An important aspect of PlantWeb architecture is trouble-free compatibility with other automation systems, enterprise resource planning systems, and so forth. At Loma la Lata, for instance, Repsol YPF's DeltaV system is integrated with Halliburton Landmark's TOW/cs management solution for oil and gas production data.

"What PlantWeb has done for Repsol YPF," concluded Production Manager Sánchez, "is give us an automation system we can be confident in—one that can follow the growth of our complex without problems, and without increasing our payroll. I don't know of any other way to do that so well."

About Emerson Process Management
Emerson Process Management (www.emersonprocess.com), an Emerson business, is a leader in helping businesses automate their production, processing, and distribution in the chemical, oil and gas, refining, pulp and paper, power, food and beverage, pharmaceutical, and other industries. The company combines superior products and technology with industry-specific engineering, consulting, project management, and maintenance services. Emerson brands include PlantWeb®; Fisher®; Micro Motion®; Rosemount®; DeltaV™; Ovation®; and AMS™ Suite.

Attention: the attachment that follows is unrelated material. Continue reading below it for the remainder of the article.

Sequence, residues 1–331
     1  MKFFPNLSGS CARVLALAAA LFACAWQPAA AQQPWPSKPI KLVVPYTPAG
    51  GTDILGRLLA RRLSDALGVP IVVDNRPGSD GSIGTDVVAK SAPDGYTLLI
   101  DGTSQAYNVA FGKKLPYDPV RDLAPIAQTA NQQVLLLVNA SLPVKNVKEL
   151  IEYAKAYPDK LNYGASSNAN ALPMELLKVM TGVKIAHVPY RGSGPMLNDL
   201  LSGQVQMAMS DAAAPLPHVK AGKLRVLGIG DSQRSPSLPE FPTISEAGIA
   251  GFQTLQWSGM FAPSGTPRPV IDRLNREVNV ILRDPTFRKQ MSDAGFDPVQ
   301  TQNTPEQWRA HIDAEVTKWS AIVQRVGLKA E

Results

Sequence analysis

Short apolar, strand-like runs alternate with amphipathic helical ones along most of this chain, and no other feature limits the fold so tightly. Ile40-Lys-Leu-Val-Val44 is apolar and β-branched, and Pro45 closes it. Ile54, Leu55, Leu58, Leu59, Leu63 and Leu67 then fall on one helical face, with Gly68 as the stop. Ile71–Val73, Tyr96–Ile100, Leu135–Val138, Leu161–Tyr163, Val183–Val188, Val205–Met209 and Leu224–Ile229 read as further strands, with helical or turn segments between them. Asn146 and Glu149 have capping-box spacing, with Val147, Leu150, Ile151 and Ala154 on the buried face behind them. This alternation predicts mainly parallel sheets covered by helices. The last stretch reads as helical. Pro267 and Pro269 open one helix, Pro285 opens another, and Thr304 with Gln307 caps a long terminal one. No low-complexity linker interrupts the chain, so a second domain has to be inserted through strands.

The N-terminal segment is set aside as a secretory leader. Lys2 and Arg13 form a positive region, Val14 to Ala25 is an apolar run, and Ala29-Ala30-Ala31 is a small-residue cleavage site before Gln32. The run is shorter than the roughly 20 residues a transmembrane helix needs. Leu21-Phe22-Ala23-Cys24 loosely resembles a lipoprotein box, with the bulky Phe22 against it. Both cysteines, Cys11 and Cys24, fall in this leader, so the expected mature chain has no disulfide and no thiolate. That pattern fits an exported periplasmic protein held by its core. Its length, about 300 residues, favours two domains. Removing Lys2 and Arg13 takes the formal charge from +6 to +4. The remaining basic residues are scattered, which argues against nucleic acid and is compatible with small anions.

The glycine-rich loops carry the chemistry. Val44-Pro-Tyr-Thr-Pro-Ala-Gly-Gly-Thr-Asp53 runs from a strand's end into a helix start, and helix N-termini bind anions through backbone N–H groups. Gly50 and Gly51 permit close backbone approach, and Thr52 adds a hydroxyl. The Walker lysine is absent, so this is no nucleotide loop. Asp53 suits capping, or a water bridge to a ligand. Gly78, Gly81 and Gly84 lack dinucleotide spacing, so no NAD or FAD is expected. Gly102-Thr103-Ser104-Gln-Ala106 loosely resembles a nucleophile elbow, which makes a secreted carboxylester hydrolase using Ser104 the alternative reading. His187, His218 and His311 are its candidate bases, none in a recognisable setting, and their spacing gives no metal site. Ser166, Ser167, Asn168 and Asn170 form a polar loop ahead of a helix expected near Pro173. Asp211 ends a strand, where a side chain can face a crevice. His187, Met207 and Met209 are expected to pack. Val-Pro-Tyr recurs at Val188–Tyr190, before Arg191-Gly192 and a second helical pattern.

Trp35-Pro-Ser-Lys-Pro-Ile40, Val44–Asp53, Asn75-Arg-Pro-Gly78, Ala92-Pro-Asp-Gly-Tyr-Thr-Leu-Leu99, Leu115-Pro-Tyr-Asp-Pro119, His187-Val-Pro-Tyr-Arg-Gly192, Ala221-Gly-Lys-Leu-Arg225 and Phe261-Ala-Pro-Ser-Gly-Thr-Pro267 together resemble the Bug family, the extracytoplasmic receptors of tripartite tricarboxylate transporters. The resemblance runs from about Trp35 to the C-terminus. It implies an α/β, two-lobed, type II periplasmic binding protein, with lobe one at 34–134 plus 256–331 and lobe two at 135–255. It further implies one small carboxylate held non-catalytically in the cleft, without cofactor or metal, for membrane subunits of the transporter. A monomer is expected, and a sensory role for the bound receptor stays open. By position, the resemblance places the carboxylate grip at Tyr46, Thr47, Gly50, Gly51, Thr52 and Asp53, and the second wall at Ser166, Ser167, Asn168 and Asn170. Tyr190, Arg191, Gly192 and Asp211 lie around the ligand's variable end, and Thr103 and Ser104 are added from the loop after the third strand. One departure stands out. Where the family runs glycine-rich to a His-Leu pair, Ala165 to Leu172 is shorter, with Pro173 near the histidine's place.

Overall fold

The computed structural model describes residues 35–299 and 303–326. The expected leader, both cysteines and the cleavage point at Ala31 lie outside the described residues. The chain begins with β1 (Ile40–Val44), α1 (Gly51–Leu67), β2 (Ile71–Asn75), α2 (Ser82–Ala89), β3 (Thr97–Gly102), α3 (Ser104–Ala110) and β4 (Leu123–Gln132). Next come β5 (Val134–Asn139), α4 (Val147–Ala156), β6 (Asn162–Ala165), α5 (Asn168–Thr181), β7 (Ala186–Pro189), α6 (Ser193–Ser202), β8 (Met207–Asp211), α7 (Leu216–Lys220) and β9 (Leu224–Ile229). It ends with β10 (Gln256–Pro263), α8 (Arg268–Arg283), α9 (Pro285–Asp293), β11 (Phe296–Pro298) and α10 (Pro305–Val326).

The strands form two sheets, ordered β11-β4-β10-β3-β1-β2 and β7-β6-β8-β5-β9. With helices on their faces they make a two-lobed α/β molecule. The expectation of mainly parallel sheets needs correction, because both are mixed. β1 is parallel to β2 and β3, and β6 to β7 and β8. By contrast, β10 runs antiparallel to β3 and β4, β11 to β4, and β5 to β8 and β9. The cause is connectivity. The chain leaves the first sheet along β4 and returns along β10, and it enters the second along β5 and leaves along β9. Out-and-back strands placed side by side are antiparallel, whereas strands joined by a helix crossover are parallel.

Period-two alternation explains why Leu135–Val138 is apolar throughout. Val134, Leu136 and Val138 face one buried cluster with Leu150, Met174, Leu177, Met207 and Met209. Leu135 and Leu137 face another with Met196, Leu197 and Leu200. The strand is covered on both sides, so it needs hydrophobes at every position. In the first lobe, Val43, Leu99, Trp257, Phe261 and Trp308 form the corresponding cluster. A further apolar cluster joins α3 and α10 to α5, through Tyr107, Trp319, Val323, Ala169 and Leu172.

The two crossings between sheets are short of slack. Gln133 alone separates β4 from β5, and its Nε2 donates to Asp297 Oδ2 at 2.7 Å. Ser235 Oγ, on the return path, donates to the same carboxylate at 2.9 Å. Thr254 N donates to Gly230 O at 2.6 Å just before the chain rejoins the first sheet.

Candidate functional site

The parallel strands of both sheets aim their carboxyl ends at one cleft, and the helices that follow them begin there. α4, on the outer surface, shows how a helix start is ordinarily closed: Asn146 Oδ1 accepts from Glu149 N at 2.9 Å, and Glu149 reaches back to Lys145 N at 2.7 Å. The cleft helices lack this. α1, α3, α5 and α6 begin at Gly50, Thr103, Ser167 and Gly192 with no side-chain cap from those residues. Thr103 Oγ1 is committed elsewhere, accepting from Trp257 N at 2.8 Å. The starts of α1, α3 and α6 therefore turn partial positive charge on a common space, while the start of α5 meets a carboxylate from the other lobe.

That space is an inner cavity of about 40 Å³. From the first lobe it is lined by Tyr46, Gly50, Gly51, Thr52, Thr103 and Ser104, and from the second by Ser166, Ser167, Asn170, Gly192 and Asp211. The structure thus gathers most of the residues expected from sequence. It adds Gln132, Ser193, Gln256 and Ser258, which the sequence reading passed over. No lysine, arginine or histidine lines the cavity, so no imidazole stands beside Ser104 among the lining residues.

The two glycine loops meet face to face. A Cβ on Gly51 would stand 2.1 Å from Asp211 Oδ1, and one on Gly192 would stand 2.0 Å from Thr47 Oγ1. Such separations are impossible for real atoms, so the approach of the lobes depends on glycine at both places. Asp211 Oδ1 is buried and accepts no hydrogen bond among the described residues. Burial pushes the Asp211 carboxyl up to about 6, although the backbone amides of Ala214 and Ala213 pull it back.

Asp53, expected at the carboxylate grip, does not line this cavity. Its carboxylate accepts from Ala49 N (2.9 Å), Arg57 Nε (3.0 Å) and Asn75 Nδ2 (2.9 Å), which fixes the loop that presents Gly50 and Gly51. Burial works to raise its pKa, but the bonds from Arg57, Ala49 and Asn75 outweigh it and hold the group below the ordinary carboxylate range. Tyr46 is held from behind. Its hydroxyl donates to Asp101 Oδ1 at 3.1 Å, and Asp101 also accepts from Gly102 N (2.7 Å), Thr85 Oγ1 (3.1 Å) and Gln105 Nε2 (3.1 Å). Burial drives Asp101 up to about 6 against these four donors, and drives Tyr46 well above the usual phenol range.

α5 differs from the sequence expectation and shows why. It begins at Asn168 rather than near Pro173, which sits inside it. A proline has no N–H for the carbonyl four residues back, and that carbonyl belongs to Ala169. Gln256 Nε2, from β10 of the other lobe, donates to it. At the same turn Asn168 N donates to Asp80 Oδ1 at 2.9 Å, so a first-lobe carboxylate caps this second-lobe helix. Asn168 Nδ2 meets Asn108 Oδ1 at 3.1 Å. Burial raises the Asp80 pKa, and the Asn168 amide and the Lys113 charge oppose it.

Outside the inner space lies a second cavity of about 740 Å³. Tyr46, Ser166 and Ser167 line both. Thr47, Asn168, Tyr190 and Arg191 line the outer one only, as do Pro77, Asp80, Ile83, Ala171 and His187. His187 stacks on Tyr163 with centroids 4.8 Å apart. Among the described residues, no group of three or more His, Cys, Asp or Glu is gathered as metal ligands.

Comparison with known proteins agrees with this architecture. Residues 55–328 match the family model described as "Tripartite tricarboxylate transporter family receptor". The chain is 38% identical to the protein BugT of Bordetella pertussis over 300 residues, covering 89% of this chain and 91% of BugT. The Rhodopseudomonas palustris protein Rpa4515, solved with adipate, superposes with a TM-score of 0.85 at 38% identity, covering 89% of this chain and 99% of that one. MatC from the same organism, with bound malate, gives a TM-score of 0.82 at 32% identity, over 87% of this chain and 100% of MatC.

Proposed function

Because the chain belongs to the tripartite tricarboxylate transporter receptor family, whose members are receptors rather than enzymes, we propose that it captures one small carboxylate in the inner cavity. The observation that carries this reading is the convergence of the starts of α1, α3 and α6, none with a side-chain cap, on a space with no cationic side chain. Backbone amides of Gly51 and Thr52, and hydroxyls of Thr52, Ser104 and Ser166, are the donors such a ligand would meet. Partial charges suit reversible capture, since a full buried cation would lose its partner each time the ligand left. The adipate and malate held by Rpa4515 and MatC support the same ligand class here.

About Emerson
St. Louis-based Emerson (www.gotoemerson.com) is a global leader in bringing technology and engineering together to provide innovative solutions to customers in process control; electronics and telecommunications; industrial automation; heating, ventilating, and air conditioning; and appliance and tools. Sales in fiscal 2003 were $14 billion.